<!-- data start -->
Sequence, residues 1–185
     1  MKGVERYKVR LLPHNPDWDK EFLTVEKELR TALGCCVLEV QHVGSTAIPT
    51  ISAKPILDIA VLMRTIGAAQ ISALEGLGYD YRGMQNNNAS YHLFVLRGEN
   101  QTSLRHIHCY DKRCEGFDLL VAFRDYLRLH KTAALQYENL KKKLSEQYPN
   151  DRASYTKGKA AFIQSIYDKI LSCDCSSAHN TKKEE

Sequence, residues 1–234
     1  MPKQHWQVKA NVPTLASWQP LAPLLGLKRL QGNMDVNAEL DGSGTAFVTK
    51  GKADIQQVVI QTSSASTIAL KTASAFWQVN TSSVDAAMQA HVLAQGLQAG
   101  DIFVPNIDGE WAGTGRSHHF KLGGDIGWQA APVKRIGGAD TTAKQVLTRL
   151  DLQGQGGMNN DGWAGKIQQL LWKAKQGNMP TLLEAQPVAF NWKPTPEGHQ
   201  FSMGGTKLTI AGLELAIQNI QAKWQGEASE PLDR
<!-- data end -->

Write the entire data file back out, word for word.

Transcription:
Sequence, residues 1–185
     1  MKGVERYKVR LLPHNPDWDK EFLTVEKELR TALGCCVLEV QHVGSTAIPT
    51  ISAKPILDIA VLMRTIGAAQ ISALEGLGYD YRGMQNNNAS YHLFVLRGEN
   101  QTSLRHIHCY DKRCEGFDLL VAFRDYLRLH KTAALQYENL KKKLSEQYPN
   151  DRASYTKGKA AFIQSIYDKI LSCDCSSAHN TKKEE

Sequence, residues 1–234
     1  MPKQHWQVKA NVPTLASWQP LAPLLGLKRL QGNMDVNAEL DGSGTAFVTK
    51  GKADIQQVVI QTSSASTIAL KTASAFWQVN TSSVDAAMQA HVLAQGLQAG
   101  DIFVPNIDGE WAGTGRSHHF KLGGDIGWQA APVKRIGGAD TTAKQVLTRL
   151  DLQGQGGMNN DGWAGKIQQL LWKAKQGNMP TLLEAQPVAF NWKPTPEGHQ
   201  FSMGGTKLTI AGLELAIQNI QAKWQGEASE PLDR